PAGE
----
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Sentiment Bearish But No Capitulation at Trader’s Narrative

Sentiment Bearish But No Capitulation

Arguably, the biggest chink in the armour for bulls is the lack of extreme bearishness in sentiment that would give way to an outright capitulation by sellers. When I listed the 12 Reasons Why This Is A Buying Opportunity two days ago, sentiment survey results hadn’t really come in yet.

They’re now in and we can take a look at how market participants reacted to the decline. (I already covered LowRisk, so I’ll skip to the others.)

Investor’s Intelligence
The recent II results show 47.2% newsletters as bullish, down 6.7% points, and 26.4% newsletters bearish, up +8.4% points. That’s the direction that I’d like to see sentiment heading in. But the degree to which newsletters gave up their bullishness is still not enough to cause a wide enough swing to take us to a contrarian bullish level. While just before the market tumble, it was way too bullish, II is now, at best, mired in neutral territory. So it isn’t much of a help. Except to show that we still don’t have capitulation.

The AAII survey is equally lukewarm. Bears increased by 3% points to 40% and bulls increased by 2% points to 46%. The bull ratio hardly budged. Not at all the sort of sentiment reaction I was expecting. Especially with the plethora of negative headlines and news reports about the market and its scapegoat, the subprime mortgage market.

ISE Sentiment
In early March 2007, we got a cluster of 3 back to back readings in the 60’s. Meaning that approximately 60 some odd calls were purchases for every put on the ISE. Right now, we’ve only dipped to 78. And today, eventhough the market closed very weak, the ISE Sentiment Index jumped 25 points to 103 - so as the market went down, ISE traders purchased more calls. That’s not capitulation. That’s stubborn bullishness. And frankly, it punches holes into the bullish case.

Put Call Ratio
Similar to the ISE Sentiment index, the put call ratio oddly shows a dangerous amount of complacency. Even as the market sliced through its support area this afternoon, I can find no real rush to buy puts. It seems that traders are comfortable with the declines. And if there’s anything that should send shivers down the backs of bulls, it is that.

I’m actually a bit confused about this because the last time I checked in on the put call indicator, it was showing an extreme spike. But now, it seems that it was an error, either from the exchange or the datafeed provider. In any case, eventhough the put call ratio is in the “green” zone, it still hasn’t shown the kind of whoosh I’d like to see (the kind that gives investors reason to change their pants).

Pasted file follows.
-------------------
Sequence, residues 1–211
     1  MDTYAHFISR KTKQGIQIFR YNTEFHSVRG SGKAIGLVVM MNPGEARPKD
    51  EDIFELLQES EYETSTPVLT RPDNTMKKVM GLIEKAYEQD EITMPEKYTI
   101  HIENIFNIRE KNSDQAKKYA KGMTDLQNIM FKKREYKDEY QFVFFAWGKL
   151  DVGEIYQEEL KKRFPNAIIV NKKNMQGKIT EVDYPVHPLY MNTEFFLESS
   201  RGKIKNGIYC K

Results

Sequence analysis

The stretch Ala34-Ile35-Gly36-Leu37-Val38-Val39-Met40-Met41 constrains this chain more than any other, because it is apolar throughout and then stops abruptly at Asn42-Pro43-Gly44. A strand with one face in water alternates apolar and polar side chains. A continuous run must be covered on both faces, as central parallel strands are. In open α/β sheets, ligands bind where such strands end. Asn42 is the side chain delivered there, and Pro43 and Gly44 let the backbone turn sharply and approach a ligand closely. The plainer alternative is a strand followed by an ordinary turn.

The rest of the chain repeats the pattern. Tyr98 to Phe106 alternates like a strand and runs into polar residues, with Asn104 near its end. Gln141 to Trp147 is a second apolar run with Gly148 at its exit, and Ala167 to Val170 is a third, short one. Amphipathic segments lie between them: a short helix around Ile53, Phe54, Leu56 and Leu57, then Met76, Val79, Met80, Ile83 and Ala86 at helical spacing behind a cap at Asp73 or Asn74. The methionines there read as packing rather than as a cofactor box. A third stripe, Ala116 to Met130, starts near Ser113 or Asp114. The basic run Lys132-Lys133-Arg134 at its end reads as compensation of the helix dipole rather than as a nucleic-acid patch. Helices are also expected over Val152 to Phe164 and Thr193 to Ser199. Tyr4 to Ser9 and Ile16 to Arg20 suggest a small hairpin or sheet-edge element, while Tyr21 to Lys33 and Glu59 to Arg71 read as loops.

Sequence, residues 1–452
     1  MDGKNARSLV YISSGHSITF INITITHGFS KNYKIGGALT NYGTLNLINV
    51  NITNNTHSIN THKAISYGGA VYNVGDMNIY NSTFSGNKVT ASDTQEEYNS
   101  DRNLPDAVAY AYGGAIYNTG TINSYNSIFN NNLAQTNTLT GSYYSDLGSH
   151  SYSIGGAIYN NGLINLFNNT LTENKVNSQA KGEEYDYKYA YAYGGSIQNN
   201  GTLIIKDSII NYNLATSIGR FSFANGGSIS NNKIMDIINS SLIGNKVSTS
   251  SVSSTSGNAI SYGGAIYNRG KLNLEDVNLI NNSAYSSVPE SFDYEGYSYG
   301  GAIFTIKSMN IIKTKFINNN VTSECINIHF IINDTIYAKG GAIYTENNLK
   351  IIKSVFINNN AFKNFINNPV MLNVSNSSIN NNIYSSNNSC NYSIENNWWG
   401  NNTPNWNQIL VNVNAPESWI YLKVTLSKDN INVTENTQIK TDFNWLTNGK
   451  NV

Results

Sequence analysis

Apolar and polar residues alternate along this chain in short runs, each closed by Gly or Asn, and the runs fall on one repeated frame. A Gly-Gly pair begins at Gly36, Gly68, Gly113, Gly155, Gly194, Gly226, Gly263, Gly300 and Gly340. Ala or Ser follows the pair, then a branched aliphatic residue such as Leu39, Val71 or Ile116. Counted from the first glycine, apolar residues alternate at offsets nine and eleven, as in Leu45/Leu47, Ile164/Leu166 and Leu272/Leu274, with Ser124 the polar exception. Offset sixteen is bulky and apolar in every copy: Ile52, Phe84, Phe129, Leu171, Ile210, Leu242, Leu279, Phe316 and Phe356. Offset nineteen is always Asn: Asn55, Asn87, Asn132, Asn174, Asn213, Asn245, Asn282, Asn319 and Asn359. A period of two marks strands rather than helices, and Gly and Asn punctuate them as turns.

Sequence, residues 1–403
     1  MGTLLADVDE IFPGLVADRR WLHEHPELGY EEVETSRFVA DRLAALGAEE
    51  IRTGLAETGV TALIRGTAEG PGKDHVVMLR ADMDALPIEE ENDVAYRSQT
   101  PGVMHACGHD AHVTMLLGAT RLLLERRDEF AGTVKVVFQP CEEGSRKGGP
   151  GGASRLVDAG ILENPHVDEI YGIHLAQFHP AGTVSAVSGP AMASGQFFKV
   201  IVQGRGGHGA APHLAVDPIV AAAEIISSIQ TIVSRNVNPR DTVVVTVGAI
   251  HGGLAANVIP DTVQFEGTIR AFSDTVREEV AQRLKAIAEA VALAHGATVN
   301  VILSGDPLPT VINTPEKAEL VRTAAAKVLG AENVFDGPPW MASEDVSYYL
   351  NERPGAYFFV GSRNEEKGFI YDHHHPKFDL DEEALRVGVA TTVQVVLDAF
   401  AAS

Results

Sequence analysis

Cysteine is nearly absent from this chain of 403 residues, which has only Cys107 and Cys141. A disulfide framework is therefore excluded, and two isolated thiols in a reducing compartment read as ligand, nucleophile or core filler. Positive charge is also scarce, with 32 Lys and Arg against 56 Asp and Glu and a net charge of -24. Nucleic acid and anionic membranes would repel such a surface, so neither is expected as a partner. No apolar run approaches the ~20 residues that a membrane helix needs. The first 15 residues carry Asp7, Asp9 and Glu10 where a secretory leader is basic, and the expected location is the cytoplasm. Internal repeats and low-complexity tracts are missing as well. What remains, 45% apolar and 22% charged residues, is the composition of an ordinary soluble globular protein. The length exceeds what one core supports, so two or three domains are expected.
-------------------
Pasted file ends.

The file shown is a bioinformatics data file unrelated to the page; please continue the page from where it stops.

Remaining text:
One, I better start double checking my data! Two, we do not have capitulation from these sentiment indicators. As long as they show a comfortable and complacent market, the probability of a continuing decline increases.

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6 Responses to “Sentiment Bearish But No Capitulation”  

  1. 1 OppositeGeorge

    Babak, is it a contrarian indicator if there’s a subprime skit on the Daily Show with Jon Stewart?

  2. 2 Johan

    Very interesting! But there are even more indicators that shows fear (ie VIX and TRIN). But it’s nice to have the other perspective as well.


  3. 3 Dave

    I’m not sure if you’re interested, but I sent a letter to ISE Options concerning the substantial data disparity in their two sites over the past several days. I haven’t heard back…actually, ISE doesn’t seem to reply to email in a timely manner. Maybe it would help if others dropped them a line.

    Concerning the disparity of ISEE Sentiment data, as shown on the website link below:

    the historical ISEE readings, for the what is presumably the composite index, over the past several days –August 6, 7, and 9– show scores of 44,12, 42. August 8th’s ISEE Sentiment Index number is missing from the site.

    However, on the other website link:

    the ISEE readings on the chart for the dates August 6,7, and 9 are 92, 51, 96, also with no data available for 8/8/07.

    The disparity between these two sets of ISEE Sentiment data is rather significant and leads one to wonder which, if either, is accurate.

  4. 4 Babak

    Thanks Dave, as you can read here, great minds think alike.

  1. 1 Good to Go after Most Volatile week in over 5 years. « Trading for the Masses
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